The metaverse offers opportunities for service providers but will require network advances, according to Meta, formerly Facebook. The company recently shifted focus toward enabling applications that leverage virtual and augmented reality to establish what the company calls the metaverse.
“Over the next decade, we hope the metaverse will reach a billion people around the world, host hundreds of billions of dollars of digital commerce, and support millions of jobs for creators and developers,” wrote Meta in a blog post.
The company added, though, that the opportunity “calls for vast enhancements in capacity and fundamental shifts in how networks are architected and deployed, as well as industry-wide collaboration – from tech companies to mobile operators, service providers, policymakers, and more.”
Meta sees three key requirements for the networks required to support the metaverse, including:
- Significant advances in network latency, symmetrical bandwidth, and overall network speeds
- Global stakeholder partnerships
- A foundation of openness and interoperability that is accessible to as many people as possible
The company offered additional details on each of these.
Bandwidth and Latency
Delivering “realistic, spatially-aware experiences that seamlessly blend virtual content in a user’s physical world” will require reduced latency, as well as innovations in “hybrid local and real-time rendering, video compression, edge computing and cross-layer visibility,” Meta said.
Spectrum advocacy will also be critical, and future fixed and mobile connectivity standards will need to encompass the needs of the metaverse, according to the blog post.
Latency will need to be reduced to the single to low-double digit ms, from its current level of 30-150 ms, Meta said. The company sees local real-time rendering helping to achieve that goal and notes that this will require the rearchitecting of fixed and mobile networks to “create compute resources at a continuum of distances to end users.”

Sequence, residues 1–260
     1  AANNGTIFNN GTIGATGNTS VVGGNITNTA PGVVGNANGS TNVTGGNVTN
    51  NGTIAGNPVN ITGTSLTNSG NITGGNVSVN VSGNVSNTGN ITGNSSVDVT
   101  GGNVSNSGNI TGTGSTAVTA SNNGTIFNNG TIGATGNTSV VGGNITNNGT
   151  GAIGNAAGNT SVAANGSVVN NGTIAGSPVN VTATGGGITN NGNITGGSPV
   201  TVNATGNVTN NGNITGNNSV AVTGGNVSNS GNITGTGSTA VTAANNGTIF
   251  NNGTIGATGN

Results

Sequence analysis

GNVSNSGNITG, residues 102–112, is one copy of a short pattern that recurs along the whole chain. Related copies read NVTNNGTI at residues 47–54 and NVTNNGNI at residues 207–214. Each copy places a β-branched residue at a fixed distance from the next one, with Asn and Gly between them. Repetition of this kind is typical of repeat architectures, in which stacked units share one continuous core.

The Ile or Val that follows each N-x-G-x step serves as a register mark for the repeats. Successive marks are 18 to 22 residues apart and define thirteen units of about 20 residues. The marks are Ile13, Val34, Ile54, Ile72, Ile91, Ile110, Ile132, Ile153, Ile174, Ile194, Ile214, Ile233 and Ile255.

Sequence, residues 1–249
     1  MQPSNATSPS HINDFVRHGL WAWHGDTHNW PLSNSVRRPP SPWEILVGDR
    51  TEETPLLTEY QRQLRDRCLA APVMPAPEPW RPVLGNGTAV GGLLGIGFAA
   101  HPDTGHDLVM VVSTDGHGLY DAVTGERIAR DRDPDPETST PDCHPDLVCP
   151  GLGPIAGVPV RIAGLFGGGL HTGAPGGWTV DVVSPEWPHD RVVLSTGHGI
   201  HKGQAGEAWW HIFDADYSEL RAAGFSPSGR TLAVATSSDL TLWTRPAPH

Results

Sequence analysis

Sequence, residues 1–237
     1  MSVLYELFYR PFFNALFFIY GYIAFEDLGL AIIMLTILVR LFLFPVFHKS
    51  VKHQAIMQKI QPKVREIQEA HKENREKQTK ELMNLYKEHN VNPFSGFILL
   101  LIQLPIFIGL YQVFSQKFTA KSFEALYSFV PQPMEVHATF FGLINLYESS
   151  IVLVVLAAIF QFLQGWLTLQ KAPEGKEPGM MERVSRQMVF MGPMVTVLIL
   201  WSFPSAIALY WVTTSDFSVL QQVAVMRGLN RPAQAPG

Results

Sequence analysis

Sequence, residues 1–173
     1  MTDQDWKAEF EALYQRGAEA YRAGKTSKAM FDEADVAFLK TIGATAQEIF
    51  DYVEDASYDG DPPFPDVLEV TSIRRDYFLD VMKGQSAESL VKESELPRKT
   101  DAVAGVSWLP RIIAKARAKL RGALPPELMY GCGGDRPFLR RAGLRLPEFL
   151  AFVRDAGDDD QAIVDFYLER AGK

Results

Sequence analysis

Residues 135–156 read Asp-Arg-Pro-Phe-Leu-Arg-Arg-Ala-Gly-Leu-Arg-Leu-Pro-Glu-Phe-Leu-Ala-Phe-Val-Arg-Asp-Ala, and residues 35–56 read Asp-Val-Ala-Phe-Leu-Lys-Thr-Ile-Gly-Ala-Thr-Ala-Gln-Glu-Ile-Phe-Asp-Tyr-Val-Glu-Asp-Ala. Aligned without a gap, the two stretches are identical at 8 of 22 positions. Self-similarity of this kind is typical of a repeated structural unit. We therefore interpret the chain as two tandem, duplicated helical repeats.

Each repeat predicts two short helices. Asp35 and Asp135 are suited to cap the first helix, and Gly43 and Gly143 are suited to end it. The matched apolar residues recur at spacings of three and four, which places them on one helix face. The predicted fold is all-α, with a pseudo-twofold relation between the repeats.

Video resolution also will need to increase. Even today’s high-definition 4K video will be insufficient, Meta said, noting that solving the problem “will require innovations across the hardware and software stack, as well as revolutionary improvements in network throughput.”
Meta said it plans to build several prototypes to understand all of this.
Collaboration and Openness
According to Meta, “the need to simultaneously deliver enhanced speeds and ultra-low and uniform latency and jitter will stress both fixed and mobile networks” and addressing this will require cross-layer and cross-domain optimizations.
In today’s networks, protocols and algorithms such as adaptive bit rate control loops for streaming video that operate at the application layer do not have access to metrics on link quality and congestion from the physical layer, Meta notes. In addition, traffic optimization protocols run mostly independently of one another, and while some are handled by network operators, others are operated by content providers.
“We believe there’s an opportunity to realize significant gains by moving past this kind of siloed optimization and toward open interfaces for sharing metrics between OSI layers as well as network domains,” Meta wrote in the blog post about required metaverse network advances.
The company also sees a need to define a common framework of how to measure and evaluate readiness for metaverse use cases of different levels of intensity. The industry needs to align on a definition of a highly capable end-to-end network and should develop metrics that correlate network quality of service with user quality of experience, Meta said.
Meta notes that those metrics potentially could be established by the Telecom Infra Project (TIP), the initiative that the company started in 2016 with the goal of exploring new approaches to building and deploying telecom network infrastructure. Various industry stakeholders participate in the TIP.